Chapters 42–47 Summary and Analysis
Last Updated on January 22, 2021, by eNotes Editorial. Word Count: 1414
At first, those stranded in Severn City Airport simply waited to be rescued. Four years from the time of the disaster passed before Clark fully accepted the new reality.
Almost twenty years have now passed, and Clark thinks how lucky he is to have seen two such different worlds. Now the curator of the Museum, he explains to young people how airplanes and telephones worked.
When he landed at Severn City, the news had broken that the Georgia Flu was everywhere; all the flights had been canceled, and nobody had any information. Clark sought out Elizabeth and, with nowhere to go, told her he was going to stay in the airport. She agreed.
Later, Clark lay on the carpet and thought of his boyfriend, Robert, wondering where he was. Reading Arthur's obituary in a newspaper, he realized the world in which Arthur had died now seemed quite distant.
The narrative returns to the first winter in Severn City Airport. Elizabeth and Tyler are quickly recognized, and young people lament that they cannot tweet about it. Clark thinks they must be in shock.
By the third day, the vending machines are empty, and a party of people begin raiding drawers and cars to find useful items, and to search for Effexor for one girl who needs it, to no avail. The televisions are still on, but nobody picks up on the 911 line.
They break into a Mexican restaurant and cook a huge meal, then raid the Skymiles Lounge for alcohol and oranges. By the seventh day, the networks are going off air, and Tyler reads comics in the Skymiles Lounge while his mother prays.
One stranded pilot waits for snow to melt and then announces he is flying to Los Angeles if anyone wants to accompany him. Several of the company do, leaving fifty-four people in the airport. Clark wonders whether the airplane will land safely. The next day another pilot, Roy, flies up to Marquette for reconnaissance and never returns.
Elizabeth suggests that possibly only North America has been placed under a quarantine; she thinks this will pass and there will still be civilization beyond. Clark disagrees but doesn't argue.
Clark keeps shaving. After a month, he shaves off the left side of his hair, the way he used to wear it when he was young. He doesn't think about anyone he knew before the airport.
Elizabeth insists on keeping the runway shoveled free of snow, in case someone comes for them. One night a helicopter passes overhead but does not stop for them.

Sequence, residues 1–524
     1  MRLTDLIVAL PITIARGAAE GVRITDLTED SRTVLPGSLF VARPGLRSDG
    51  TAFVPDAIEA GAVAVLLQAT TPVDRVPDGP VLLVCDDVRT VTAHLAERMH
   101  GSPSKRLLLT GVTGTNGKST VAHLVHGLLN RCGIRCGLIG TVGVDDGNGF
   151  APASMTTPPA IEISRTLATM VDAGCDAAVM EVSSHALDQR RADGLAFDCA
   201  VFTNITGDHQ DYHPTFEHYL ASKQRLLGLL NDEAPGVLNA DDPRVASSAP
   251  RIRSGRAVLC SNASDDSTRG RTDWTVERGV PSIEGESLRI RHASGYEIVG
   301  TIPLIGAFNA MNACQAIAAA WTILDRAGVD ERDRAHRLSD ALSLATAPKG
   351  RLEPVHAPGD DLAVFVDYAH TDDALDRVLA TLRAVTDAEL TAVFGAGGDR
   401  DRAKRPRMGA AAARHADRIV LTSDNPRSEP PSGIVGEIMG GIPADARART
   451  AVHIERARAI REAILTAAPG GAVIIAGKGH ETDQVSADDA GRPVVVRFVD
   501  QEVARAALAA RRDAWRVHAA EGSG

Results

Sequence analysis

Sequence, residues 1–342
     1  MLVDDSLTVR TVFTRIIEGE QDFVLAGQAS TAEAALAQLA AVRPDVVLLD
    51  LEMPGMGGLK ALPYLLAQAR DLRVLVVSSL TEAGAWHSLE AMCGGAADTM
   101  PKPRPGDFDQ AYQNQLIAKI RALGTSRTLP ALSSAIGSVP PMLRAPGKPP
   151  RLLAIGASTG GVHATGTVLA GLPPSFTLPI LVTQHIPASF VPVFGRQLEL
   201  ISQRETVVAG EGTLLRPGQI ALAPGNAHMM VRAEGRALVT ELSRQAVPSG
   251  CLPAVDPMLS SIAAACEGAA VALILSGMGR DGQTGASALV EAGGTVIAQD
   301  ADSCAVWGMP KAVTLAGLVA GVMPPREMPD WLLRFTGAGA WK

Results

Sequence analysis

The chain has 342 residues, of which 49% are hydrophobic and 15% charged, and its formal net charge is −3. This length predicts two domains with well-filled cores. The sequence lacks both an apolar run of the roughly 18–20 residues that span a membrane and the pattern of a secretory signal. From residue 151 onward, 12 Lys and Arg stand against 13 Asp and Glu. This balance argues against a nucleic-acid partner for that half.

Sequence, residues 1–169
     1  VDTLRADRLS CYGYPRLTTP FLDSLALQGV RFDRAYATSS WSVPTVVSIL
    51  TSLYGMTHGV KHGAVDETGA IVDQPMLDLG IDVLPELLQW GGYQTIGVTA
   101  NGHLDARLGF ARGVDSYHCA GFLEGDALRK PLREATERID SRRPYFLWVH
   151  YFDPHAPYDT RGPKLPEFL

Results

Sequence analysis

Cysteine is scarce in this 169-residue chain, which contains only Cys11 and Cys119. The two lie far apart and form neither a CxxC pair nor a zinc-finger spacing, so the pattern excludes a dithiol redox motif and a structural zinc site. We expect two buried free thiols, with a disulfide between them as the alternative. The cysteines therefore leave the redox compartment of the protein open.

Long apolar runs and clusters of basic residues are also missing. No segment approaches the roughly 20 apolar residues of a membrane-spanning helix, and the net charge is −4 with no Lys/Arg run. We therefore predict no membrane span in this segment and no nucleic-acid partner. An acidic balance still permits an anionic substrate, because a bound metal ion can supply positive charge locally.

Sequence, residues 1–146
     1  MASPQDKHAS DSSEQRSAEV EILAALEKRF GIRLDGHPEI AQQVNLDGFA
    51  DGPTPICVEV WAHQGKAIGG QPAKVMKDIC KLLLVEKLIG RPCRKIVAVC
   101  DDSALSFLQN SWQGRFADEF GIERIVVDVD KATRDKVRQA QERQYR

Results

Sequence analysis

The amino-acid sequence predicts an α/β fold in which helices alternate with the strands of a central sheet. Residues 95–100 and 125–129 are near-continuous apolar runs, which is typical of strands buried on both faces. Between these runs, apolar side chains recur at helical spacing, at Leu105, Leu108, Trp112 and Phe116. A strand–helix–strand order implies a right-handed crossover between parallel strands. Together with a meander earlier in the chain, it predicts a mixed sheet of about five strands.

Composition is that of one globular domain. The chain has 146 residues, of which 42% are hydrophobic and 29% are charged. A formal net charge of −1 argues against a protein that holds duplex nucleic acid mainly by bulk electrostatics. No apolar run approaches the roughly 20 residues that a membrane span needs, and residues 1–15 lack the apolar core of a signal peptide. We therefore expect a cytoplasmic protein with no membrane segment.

Dolores, a friend Clark has made in the airport, helps him make a bonfire one night, and they talk about how bright the sky looks. Soon the bonfire becomes a nightly place of meeting. Those stranded in the airport learn each other's languages.
On the eighty-fifth day, a man commits a rape and is driven into the forest at gunpoint and left there.
Dolores asks why nobody comes here, even those from nearby towns. She wonders if it’s because there is no one else left. Tyler, who has been reading the New Testament and wandering around alone, says that everything happens for a reason.
A scouting party goes out, and as he waits for them to return, Clark thinks of his boyfriend, Robert, a curator. If Robert were here, he would start an impromptu museum, and so Clark begins placing objects on shelves.
The scouting party returns with supplies from a nearby Chili's. They have seen no other people.
The next day a stunned stranger comes in, having followed the footsteps of the scouting party in the snow. He is crying because he had thought he was the only one left alive.
It is now Year Fifteen after the collapse. There are three hundred people in the airport, and the Museum of Civilization is vast in the Skymiles Lounge. It houses Elizabeth and Tyler's passports, left as a gift before they departed in Year Two. Just before this, Clark had seen Tyler reading from the Bible to an Air Gradia jet whose passengers, infected, had been locked inside to die. Tyler wanted to know why these people died and why some people were saved; he couldn't accept that it was simply chance.